The Dirt People

A Dust Bowl farmer digs out a fence post to keep it from being buried under drifting sand in Cimarron County, Okla., in 1936. © Arthur Rothstein/ Library of Congress from NPR

A Dust Bowl farmer digs out a fence post to keep it from being buried under drifting sand in Cimarron County, Okla., in 1936.
© Arthur Rothstein/ Library of Congress from NPR

They were people of the dirt
life hung on a loosened nail,
barbed-wire lay like promises broken.
all their lives — all they knew.
Their kids, offshoots
of the mandrake root,
full of it – dirt, dirt, more dirt.

They farmed it such a long time.
What came from it, not even green words,
mosquitoes, heat, and lung disease.
A bit of water carried in pails,
poured by sunburned hands
to coax the sands.

Dirt
drifted by wind,
spilled on tables,
filled window sills,
stuffed the furniture.
— dirt
In the sugar bowls and salt shakers;
on the playing cards;
on the paper dolls, gritty when cutting out;
caked on marbles in the circle;
creasing the cigar treasure box
— dirt
where the children played hollow eyed
living rusted lives in crusted disappointment.

Later the peanuts pushed out of the cracks;
melons grew, then split by heat
they ate their hearts.
Wind roared, sand pelted, snakes rattled
and all the spirit did was blow.

They were the people of the dirt.
They moved from one place to another.
The dirtiest was the dug-out–
living there, not clean
but at last cool; they eked out a living
from a little rain or making repairs in town.
Yet ever they moved on — until typhoid
caught them up and burials weighed them down.

Only dreaming of clean
cut from pages of a magazine:
running water, indoor plumbing
china, silver, a crystalline vision,
instead of dirt
between those pages, they’d find
a place to stop,
a place to learn,
and time to read.

Posted for my article on Beat Poetry @dVersePoets
The after-effects of the Great Depression and the Dust Bowl as well as having come through WWII greatly influenced and affected the Beat Poets. Many blues songs which spoke about pain, loneliness, poverty, and loss filled their poems. I chose to present this period of my maternal family. This isn’t quite a protest poem but in a way it is. This was a government caused catastrophe. The poor farmers had been paid to plant the same crops without rotating year after year with government subsidies. Ignorance and greed again caused this horror of the 1930s.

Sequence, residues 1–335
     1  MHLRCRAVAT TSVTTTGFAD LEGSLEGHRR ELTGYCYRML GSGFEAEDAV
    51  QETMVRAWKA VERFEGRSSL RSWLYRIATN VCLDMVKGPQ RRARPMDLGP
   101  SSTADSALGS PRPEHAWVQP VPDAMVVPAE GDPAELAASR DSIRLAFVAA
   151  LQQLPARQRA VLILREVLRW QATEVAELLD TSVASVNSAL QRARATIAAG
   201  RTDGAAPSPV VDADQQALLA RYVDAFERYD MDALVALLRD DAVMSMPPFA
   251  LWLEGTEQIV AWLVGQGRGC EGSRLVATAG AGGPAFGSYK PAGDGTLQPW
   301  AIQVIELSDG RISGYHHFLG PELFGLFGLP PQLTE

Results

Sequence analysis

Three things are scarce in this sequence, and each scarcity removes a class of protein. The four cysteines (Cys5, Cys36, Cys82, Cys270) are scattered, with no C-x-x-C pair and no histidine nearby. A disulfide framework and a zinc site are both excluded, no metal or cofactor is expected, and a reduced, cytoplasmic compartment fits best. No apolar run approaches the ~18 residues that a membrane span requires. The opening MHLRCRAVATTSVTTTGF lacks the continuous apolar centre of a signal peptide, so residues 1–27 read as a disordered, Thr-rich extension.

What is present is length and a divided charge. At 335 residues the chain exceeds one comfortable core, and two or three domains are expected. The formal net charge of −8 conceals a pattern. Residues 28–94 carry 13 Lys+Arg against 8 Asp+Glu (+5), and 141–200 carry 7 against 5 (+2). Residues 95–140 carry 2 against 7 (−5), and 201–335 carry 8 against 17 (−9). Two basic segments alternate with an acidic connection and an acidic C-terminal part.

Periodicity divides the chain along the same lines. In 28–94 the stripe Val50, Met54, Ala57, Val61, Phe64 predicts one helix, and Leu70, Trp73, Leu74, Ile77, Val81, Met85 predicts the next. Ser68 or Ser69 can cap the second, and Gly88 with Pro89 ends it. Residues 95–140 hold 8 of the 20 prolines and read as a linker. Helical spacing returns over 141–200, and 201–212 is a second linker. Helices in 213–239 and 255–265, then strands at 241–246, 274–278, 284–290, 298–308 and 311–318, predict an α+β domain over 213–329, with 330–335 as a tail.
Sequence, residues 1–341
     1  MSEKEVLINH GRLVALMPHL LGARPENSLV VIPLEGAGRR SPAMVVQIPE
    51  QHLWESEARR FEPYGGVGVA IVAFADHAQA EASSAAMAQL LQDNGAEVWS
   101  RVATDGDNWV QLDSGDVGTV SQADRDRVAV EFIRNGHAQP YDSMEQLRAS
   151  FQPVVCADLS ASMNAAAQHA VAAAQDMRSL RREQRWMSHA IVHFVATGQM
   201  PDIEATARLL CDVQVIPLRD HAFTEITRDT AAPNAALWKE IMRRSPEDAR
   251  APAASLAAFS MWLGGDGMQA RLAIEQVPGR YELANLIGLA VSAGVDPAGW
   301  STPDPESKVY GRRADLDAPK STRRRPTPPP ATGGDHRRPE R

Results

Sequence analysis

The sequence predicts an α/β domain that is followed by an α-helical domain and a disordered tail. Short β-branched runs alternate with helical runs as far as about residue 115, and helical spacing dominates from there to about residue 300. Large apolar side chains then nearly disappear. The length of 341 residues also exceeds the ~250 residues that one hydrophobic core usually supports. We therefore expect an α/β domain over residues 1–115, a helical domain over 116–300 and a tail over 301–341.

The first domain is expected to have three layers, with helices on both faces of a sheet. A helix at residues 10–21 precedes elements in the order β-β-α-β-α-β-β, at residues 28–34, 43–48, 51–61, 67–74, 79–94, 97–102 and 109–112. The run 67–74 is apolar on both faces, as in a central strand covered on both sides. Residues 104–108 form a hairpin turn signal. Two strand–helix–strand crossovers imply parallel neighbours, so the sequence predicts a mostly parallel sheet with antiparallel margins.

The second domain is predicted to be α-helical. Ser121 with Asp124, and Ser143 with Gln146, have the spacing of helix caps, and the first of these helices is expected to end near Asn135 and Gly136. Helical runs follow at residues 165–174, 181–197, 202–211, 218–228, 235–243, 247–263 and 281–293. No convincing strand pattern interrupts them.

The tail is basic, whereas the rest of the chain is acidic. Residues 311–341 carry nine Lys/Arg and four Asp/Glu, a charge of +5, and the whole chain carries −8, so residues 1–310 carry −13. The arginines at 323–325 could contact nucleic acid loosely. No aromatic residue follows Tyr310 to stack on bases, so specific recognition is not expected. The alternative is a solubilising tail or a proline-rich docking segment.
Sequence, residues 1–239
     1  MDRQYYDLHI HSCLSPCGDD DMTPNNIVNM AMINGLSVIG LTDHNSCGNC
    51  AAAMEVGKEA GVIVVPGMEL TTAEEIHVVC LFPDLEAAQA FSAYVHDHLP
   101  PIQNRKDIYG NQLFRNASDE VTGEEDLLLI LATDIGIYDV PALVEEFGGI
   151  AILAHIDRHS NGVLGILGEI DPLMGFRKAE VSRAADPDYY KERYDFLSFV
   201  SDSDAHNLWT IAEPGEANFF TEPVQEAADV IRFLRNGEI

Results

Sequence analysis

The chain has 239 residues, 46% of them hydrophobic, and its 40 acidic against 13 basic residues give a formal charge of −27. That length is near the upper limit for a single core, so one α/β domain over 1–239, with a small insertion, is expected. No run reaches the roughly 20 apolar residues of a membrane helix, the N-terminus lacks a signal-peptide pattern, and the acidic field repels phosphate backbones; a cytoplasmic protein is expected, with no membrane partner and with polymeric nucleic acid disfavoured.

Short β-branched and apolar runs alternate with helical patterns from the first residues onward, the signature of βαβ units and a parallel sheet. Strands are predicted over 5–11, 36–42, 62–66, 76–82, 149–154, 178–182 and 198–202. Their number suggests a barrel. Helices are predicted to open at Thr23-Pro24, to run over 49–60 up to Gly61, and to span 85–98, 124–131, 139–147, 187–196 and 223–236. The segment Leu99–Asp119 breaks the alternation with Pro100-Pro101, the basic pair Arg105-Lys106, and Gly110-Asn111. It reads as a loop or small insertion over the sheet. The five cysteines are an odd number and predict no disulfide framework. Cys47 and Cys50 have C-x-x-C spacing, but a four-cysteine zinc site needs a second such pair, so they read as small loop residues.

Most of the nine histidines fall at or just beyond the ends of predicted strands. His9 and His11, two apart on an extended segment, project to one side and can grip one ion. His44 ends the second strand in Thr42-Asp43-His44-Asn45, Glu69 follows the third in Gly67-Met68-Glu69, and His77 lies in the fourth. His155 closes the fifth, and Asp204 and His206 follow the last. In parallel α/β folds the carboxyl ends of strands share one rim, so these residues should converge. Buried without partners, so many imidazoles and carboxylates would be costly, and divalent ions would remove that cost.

© Gay Reiser Cannon * 10/13/113

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23 thoughts on “The Dirt People

  1. oh heck gay…this is excellently written.. what a hard life they lived… the constant heat…dirt…being on the move…diseases… it’s humbling… looking forward to the prompt tonite…this will bring forth some excellent poetry… see you later.. (i’ll be an hour or so late due to an appointment..)

  2. ah yes i know this period…we spent a bit of time there in US history last year…as the economy is not the best now but nothing like that you know….def you brought to life the reality in the dirt, esp when that is all you have and it is everywhere….well played out gay…

  3. Gay, you have really brought that time in history to life. Your words make me feel the dust in the air & the hardship of the many who lost their livelihoods to dust those years. Abject poverty and nowhere to turn. Nice prompt today…thank you!

  4. Brilliant. I want to go and look at Dorothea Lange photos, revisit my studies on the Farm Security Administration and spit the grit from out of my mouth. Thank you for unearthing these thoughts for me.

  5. You graphically captured the deprivation and desolation of the Dust Bowl –such a sad time. Also, your post on Beat Poetry was interesting, informative and well-written. Thanks.

  6. Thank you for this educational and informative post Gay – I did not know of it. (Have googled and read more.)

    Your poem well illustrates the harsh realities of that time. Thank you again.

    Anna :o]

  7. Great writing here, but incredibly sad theme. The utter hopelessness these poor people must have felt . . . And yes, ignorance and greed–those were two of my own inspirations tonight! Much of the Beat reaction was to just this feature of American life. Excellent!

  8. Potent and deeply affecting, it brings to mind the melodic outcry of some of Emmylou Harris’ best songs (Red Dirt Girl). It carries weight and suffering. Thank you again for the incredible MTB article. You are always an inspiration to me.

    • Oh luv me some Emmylou – my cousin (not the Buddy Holly one, my cousin Kay Holley) sounded and looked just like her. I have a slew of ELH records on LP and a couple or five cds as well. What a pure sound.

      So happy you’re here. Looking forward to reding your poem, and thanks for coming by!

  9. So many wonderful lines in this. “where the children played hollow eyed
    living rusted lives in crusted disappointment.” being just one of many that caught my attention. Apparently you write beat poetry every bit as well as you write *about* beat poetry. Thanks for sharing this!

  10. In spite of the bleak life and black and white and sepia tones ..there is a colorful aspect…and you brought that out in the details of what it was really like…not unlike Steinbeck did with Grapes of Wrath ….great writing.

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